Final Testimony Heard in Hempstead Clerk Misconduct Case

Mark Bonilla
Hempstead Town Clerk Mark Bonilla

An ex-employee of Hempstead Town Clerk Mark Bonilla continued to testify Tuesday regarding a request from Bonilla to hand over compromising photos of the employee’s ex-girlfriend to discredit her sexual harassment complaint.

Alex Desidoro, the former Bonilla staffer, told the court on the seventh day of the clerk’s misconduct trial that Bonilla “requested photos more than once” with intent to “have something” on Desidoro’s ex-girlfriend and Bonilla’s accuser, Ariel Davis.

Assistant District Attorney Jed Painter asked Desidoro if he ever offered to Bonilla give photographs of Davis, also an ex-employee in the clerk’s office. Desidoro declined that he did, testifying he “wouldn’t give them up in the first place.”

Elissa Smith, another ex-employee of Bonilla’s who was transferred out of Bonilla’s office upon the sexual harassment claim filed by Davis, took the stand after Desidoro.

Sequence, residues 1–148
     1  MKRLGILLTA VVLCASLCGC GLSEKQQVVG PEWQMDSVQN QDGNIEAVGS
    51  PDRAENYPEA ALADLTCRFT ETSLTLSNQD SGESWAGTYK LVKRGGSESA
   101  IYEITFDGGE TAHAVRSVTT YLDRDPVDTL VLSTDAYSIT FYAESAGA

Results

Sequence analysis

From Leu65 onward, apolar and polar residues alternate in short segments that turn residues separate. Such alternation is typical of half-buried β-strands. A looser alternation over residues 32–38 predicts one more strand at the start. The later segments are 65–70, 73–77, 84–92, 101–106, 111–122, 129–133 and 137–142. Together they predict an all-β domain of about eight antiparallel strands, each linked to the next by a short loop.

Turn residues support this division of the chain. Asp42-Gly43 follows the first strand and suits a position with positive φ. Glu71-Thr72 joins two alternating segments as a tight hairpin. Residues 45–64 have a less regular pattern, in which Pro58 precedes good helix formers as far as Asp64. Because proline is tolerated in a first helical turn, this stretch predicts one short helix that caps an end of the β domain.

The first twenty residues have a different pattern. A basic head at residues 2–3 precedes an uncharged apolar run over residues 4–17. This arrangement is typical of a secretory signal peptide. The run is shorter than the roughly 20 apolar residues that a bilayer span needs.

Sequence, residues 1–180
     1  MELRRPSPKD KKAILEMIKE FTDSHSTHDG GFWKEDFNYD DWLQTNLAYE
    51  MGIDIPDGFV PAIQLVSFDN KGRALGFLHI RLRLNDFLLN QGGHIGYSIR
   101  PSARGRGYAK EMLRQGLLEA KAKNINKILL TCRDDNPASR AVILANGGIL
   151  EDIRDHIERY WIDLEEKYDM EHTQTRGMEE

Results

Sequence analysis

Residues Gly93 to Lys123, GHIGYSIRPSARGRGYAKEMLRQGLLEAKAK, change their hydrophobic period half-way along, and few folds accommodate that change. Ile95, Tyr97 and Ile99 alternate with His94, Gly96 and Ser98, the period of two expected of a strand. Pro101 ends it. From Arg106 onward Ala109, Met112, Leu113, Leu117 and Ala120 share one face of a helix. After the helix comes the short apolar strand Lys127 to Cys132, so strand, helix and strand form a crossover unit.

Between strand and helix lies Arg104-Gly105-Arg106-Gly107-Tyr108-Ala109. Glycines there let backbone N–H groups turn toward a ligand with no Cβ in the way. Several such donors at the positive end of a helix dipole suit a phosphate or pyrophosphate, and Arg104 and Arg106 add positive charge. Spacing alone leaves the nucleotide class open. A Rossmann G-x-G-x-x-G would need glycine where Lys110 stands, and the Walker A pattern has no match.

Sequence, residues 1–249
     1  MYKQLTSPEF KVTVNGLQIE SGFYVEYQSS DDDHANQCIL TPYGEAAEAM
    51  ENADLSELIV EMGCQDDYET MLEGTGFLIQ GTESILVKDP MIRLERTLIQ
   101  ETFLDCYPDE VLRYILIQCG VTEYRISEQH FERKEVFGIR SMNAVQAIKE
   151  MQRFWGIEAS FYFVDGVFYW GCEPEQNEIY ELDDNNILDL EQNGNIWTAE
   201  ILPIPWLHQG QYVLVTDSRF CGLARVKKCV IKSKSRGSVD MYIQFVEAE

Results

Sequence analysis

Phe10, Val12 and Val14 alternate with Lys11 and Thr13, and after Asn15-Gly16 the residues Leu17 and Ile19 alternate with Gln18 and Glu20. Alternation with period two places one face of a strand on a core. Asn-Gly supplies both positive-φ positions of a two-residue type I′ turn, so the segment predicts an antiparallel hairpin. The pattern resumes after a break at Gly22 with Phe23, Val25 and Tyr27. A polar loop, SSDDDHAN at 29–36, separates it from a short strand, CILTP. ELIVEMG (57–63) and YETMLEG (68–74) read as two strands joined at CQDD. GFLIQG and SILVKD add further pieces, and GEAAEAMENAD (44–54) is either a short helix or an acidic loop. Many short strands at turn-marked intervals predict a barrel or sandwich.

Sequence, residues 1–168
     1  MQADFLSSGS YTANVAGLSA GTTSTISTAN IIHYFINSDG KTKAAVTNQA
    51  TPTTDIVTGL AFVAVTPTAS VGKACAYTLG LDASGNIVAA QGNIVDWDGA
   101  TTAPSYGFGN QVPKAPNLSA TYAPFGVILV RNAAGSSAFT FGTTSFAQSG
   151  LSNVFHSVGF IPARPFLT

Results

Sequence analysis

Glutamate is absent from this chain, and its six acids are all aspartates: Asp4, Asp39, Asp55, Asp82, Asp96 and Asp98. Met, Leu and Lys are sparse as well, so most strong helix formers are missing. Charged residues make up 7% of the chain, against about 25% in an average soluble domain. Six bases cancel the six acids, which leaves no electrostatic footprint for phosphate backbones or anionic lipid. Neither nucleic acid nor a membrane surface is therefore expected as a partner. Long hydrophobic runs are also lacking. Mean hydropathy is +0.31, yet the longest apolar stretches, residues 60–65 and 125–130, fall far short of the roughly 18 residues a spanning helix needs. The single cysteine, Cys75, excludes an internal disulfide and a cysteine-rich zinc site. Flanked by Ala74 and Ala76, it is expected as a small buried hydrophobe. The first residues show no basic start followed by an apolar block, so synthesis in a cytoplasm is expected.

She testified that she “was very uncomfortable in the office” and told Desidoro that he “needs to get out of the office” in a conversation regarding Bonilla’s alleged request for photos of Davis last summer.

Smith also testified that Bonilla moved Davis out of his immediate office and into the department where she had previously worked as “punishment for coming in late.” She said that Davis’ transfer was a “downgrade” and that “every employee wanted to be in the executive office.”

Charles Ribando, chief investigator for the Nassau district attorney’s office, and Investigator William Walsh also testified Tuesday.

Ribando said that he sent Walsh and another investigator to arrest Bonilla outside of his home after interviewing Town of Hempstead employees and viewing video evidence of Bonilla touching Davis’ arm repeatedly.

Walsh testified that Bonilla told him that he is a “touchy individual,” but that he never inappropriately touched Davis.

Bonilla’s defense attorney, Adrian DiLuzio, referred to the case as a “legal conundrum” and said that it is “abundantly clear that nobody was investigating Davis to see if her complaint was credible.”

Painter said that the evidence has “exceeded the level of proof” necessary, adding that “no one witness has to produce an entire case.”

Judge Sharon Gianelli will hear closing arguments Wednesday at First District Court in Hempstead before ruling on the case. Bonilla faces up to a year in jail, if convicted.